As Melbourne’s lockdown starts to ease the August regional employment data released on Thursday (when seen through the lens of the Conus Trend) clearly shows us the impact the restrictions have had when compared to the Rest of Victoria.
Trend employment in Greater Melbourne has fallen 163,000 since March, or a drop of 6.0%. Over the course of the past 12 months Trend employment in the capital is down 6.0%. In the Rest of Victoria Trend employment since March has fallen 25,500, or a drop of just 3.4%. Since August 2019 Trend employment in the Rest of Victoria is actually up 2,900, or 0.4%. The national employment decline since March has been 3.2%.
The young cohort have been particularly heavily hit. Trend employment in the 15-25 year old sector is down 11.9% since March in Greater Melbourne while the middle-aged have suffered just a 4.9% drop. In the Rest of Victoria the falls in these two cohorts are of a similar scale (11.0% and 4.8% respectively), where the big difference occurs is when we consider the 45+ years cohort. In Greater Melbourne this age group has lost 52,000 jobs (or 5.3%) since March while in the Rest of Victoria the older worker numbers are virtually unchanged (+300, or +0.1%).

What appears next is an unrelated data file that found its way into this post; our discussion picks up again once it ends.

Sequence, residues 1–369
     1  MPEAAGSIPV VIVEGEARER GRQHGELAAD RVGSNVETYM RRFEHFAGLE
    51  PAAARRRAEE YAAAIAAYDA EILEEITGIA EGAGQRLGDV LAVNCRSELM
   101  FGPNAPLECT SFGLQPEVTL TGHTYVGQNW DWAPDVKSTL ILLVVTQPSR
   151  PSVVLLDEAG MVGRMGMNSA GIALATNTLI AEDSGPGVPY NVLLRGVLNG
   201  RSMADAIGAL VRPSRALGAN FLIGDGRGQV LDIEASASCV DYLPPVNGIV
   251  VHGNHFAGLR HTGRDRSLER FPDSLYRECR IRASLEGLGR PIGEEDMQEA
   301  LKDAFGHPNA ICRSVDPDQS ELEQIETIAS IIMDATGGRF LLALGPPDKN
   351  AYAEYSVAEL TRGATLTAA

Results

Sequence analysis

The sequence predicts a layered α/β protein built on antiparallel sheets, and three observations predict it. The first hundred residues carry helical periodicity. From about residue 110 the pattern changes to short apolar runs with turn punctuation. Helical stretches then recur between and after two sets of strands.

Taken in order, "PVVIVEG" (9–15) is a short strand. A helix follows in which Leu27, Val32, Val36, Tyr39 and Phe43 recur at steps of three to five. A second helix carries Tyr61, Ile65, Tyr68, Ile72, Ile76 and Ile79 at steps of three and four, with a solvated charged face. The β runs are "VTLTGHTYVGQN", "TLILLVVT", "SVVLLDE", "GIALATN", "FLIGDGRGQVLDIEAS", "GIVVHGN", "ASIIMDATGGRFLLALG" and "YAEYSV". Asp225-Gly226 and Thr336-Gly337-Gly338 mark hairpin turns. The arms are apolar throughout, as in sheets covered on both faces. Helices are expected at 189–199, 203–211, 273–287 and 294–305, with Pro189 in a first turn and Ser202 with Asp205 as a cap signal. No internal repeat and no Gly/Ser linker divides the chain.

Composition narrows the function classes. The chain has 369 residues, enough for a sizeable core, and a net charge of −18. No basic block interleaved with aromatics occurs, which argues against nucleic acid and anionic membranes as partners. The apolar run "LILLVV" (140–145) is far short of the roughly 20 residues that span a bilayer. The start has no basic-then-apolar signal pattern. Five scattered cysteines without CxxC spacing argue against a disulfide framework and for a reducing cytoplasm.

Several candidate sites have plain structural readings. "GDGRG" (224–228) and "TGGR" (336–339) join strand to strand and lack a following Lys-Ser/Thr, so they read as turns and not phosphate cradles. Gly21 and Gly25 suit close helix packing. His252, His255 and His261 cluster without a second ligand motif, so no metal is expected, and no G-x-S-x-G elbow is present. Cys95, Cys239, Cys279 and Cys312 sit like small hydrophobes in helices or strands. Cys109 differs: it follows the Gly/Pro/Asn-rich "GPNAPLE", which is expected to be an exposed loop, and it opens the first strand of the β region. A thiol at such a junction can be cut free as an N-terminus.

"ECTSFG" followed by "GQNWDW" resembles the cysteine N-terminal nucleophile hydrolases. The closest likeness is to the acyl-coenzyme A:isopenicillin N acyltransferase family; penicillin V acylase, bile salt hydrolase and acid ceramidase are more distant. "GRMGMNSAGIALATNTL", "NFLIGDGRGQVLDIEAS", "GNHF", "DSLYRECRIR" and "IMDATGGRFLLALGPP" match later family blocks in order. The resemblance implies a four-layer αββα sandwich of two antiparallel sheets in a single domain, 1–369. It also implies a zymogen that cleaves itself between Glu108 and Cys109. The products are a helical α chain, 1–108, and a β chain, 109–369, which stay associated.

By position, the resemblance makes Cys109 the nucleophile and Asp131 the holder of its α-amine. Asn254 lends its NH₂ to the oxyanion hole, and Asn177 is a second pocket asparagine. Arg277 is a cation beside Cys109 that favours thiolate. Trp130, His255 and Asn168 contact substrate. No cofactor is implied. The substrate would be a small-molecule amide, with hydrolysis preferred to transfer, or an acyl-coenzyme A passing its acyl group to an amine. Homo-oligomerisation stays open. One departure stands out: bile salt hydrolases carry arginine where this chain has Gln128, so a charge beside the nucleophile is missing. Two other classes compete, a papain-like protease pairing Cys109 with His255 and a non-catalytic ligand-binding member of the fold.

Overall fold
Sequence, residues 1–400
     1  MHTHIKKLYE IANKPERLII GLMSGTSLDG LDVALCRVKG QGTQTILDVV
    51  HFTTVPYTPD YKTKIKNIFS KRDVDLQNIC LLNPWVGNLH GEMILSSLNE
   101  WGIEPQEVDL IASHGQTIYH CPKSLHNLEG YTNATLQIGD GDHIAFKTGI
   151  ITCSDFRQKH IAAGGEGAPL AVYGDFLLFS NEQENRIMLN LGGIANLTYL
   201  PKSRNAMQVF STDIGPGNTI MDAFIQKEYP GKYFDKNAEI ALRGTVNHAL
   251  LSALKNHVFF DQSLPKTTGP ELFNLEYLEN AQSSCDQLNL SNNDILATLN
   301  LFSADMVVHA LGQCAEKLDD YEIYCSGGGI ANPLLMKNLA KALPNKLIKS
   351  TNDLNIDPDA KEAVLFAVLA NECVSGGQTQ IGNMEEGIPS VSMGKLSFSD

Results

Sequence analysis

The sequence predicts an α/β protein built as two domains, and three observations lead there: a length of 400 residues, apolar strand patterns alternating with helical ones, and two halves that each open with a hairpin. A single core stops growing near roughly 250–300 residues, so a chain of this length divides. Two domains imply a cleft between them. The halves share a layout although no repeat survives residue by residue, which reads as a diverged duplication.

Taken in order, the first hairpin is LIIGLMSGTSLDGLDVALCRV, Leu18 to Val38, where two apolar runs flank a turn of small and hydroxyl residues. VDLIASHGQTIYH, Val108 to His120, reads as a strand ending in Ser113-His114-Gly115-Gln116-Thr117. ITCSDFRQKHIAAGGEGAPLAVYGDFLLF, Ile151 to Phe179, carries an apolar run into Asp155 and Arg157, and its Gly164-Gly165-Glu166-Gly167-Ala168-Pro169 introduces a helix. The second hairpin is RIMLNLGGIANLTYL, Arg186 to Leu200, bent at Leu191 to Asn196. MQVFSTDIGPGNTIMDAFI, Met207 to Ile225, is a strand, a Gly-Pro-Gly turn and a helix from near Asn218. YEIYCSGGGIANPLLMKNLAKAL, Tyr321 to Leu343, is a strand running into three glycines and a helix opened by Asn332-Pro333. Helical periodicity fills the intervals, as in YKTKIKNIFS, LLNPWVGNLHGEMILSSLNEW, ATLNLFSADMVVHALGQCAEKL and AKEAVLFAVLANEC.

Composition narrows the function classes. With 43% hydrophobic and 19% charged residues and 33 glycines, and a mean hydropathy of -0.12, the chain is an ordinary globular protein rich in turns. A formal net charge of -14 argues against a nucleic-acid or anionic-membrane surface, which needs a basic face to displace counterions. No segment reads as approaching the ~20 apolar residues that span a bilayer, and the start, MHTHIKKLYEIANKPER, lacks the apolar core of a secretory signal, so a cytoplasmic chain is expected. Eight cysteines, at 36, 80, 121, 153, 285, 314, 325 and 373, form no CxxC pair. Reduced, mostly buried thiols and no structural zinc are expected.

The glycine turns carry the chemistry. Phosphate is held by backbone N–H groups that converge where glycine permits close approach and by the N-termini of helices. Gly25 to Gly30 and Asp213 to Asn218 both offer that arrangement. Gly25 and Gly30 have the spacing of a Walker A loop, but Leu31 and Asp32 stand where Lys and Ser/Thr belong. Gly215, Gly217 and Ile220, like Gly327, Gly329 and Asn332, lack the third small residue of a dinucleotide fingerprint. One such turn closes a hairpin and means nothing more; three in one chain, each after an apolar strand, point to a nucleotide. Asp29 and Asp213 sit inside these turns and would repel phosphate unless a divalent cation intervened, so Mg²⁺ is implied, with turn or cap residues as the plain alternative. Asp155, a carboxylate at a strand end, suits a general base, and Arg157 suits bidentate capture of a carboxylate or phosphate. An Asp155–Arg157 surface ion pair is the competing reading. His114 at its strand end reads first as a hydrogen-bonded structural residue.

Headline Trend unemployment rates are now 7.5% in Greater Melbourne (up from 5.4% in March) and 5.7% in the Rest of Victoria (up from 4.2% in March). While the effect on employment has been dramatic in both areas, the scale of the downturn in Greater Melbourne has clearly been far more extreme.
Within Greater Melbourne Trend unemployment rates are particularly high in the North-West (12.0%) and West (9.6%). In the Regions, Shepparton (8.7%) and Ballarat (7.3%) are the worst performers.
When we consider the employment per capita measure, we see this difference between the areas very clearly. While the downward move is clear in the Rest of Victoria, this measure remains well within the broad range it has occupied for the past 14 years. In Greater Melbourne, on the other hand, we are seeing levels well outside anything witnessed in that time.
The complete Conus Regional Employment Trend data for Victoria’s regions is available for download below. Please feel free to use this data but kindly acknowledge Conus when you do so.